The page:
Button #main.exit, "Quit", [EndDemo], UL, 120, 50, 100, 30
    Open "Sharing Branch Labels" for Window as #main
    #main "Trapclose [EndDemo]"
    #main.gbx "Down"
    #main.gbx "When leftButtonUp [RandomColor]"
 
Wait
 
[EndDemo]
    Close #main
End
 
[RandomColor]
    redHue = Int(Rnd(1) * 256)
    greenHue = Int(Rnd(1) * 256)
    blueHue = Int(Rnd(1) * 256)
    #main.gbx "Fill ";redHue;" ";greenHue;" ";blueHue
Wait
Because handles are passed to subs, different event handles may need to be assigned for different types of control. Menus do not pass handles, controls do. A mouse movement passes not only the handle, but also the current MouseX and MouseY coordinates. Event handling subs must be assigned that will accommodate these handles and parameters. The menu sub with no handle variable must be different from the button sub requiring a handle variable which must be different from the mouse event sub requiring a handle variable and MouseX / MouseY parameters. This doesn't mean that code needs to be duplicated in each sub. Simply call one sub from another. In this demo, the menu and the left mouse click both call the button code, as though the button itself had been clicked. Exiting with the menu option calls the trapclose exit sub.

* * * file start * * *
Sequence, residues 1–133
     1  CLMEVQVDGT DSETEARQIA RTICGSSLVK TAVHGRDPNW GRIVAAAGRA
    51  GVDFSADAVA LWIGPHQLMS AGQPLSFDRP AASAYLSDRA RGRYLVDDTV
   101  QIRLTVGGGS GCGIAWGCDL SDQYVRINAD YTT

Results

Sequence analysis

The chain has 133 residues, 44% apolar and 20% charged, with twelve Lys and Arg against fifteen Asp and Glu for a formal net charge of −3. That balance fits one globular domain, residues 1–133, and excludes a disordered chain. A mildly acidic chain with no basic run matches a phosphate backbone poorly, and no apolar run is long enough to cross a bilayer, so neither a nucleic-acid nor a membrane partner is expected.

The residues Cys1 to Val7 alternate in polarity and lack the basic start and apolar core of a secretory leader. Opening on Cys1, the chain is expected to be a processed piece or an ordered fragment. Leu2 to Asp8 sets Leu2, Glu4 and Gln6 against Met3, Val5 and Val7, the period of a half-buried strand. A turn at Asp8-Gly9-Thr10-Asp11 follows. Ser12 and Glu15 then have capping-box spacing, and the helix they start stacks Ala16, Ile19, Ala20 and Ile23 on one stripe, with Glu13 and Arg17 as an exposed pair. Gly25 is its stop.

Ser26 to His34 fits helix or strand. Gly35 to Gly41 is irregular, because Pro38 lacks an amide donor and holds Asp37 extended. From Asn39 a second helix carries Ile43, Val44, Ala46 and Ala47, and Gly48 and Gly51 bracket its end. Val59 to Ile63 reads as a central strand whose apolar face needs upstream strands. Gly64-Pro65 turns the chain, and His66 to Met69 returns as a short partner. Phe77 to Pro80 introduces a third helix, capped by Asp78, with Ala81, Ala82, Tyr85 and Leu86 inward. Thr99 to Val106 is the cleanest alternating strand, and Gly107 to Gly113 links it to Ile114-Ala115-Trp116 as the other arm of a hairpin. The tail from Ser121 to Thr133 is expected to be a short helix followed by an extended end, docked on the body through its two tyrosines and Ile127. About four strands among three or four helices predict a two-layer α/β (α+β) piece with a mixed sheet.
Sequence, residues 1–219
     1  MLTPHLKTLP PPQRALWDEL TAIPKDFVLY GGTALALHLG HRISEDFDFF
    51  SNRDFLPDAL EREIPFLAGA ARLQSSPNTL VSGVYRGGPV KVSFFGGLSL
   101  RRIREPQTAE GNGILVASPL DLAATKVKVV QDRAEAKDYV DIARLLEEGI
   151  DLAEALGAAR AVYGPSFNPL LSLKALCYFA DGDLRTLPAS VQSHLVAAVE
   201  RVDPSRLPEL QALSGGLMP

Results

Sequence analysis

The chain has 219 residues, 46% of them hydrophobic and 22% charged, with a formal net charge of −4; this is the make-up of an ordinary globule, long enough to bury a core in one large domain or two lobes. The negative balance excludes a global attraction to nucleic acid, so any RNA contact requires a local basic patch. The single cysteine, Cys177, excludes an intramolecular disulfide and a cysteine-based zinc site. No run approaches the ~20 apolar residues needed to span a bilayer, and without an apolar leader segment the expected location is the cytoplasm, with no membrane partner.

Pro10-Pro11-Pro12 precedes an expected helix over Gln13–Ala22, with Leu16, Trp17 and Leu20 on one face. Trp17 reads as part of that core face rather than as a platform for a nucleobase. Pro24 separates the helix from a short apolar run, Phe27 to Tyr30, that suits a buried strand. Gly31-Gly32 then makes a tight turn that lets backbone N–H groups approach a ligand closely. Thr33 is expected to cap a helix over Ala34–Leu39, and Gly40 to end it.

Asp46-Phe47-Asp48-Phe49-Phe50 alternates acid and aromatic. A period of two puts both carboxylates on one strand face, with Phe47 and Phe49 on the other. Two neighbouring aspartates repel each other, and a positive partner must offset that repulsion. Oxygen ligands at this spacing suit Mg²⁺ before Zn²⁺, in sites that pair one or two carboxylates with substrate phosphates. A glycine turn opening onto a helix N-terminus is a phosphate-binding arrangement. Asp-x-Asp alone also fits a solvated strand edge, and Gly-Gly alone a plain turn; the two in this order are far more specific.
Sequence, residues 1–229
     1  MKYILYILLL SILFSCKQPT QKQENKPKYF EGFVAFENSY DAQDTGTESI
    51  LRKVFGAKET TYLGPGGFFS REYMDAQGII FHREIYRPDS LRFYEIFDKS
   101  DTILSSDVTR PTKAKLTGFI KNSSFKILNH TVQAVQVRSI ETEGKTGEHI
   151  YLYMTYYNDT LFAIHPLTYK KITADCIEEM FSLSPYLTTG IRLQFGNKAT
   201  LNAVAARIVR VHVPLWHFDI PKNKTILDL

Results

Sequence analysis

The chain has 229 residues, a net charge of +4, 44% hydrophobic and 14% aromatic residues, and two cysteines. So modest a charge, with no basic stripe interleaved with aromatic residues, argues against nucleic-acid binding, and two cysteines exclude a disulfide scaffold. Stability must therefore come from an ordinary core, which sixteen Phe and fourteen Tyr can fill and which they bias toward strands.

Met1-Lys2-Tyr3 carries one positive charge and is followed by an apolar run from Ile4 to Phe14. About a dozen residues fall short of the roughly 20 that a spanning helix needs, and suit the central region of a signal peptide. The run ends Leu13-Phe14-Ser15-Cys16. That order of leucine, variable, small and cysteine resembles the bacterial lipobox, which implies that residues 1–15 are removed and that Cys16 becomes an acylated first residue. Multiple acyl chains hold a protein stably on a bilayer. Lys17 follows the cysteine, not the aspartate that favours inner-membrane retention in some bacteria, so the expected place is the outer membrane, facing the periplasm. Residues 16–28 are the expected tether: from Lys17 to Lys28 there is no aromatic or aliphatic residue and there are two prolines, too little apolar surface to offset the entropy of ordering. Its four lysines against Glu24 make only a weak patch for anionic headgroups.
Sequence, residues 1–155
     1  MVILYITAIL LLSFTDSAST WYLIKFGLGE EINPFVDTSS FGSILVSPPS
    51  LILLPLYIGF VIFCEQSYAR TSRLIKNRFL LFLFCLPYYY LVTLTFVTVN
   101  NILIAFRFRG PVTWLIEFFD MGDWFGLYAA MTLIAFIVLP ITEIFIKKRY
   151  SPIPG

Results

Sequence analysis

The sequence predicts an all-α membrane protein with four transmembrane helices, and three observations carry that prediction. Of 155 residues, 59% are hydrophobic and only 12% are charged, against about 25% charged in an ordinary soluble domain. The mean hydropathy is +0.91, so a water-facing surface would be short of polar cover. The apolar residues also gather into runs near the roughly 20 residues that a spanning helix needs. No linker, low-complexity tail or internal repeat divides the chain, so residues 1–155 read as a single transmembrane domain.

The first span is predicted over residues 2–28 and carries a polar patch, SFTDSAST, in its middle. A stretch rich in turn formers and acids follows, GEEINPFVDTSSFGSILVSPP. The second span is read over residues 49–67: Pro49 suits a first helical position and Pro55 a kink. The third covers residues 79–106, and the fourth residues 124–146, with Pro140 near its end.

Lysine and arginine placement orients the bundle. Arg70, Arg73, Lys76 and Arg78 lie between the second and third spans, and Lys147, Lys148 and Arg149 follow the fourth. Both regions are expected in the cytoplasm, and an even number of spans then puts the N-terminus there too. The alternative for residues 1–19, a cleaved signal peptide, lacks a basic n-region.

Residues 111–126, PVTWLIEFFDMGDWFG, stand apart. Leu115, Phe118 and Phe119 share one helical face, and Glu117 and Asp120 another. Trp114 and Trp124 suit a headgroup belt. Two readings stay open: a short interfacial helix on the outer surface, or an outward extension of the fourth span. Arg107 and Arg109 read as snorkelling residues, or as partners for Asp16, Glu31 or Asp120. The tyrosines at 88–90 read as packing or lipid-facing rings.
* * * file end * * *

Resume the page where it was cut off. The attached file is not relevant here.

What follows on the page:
Nomainwin
    WindowWidth = 250
    WindowHeight = 154
    Menu #main, "&File", "&Random Color", RandomColorMenu,|, "E&xit", XbyMenu
    Graphicbox #main.gbx, 0, 0, 100, 100
    Button #main.btn, "Random Color", RandomColor, UL, 120, 10, 100, 30
    Button #main.exit, "Quit", EndDemo, UL, 120, 50, 100, 30
    Open "Assigning Subs" for Window as #main
    #main "Trapclose XbyTrap"
    #main.gbx "Down"
    #main.gbx "When leftButtonUp RandomColorMouse"
 
Wait
 
Sub XbyMenu
    Call XbyTrap "#main"
End Sub
 
Sub XbyTrap handle$
    Close #main
    End
End Sub
 
Sub RandomColorMenu
    Call RandomColor "#main.btn"
End Sub
 
Sub RandomColorMouse handle$, xVar, yVar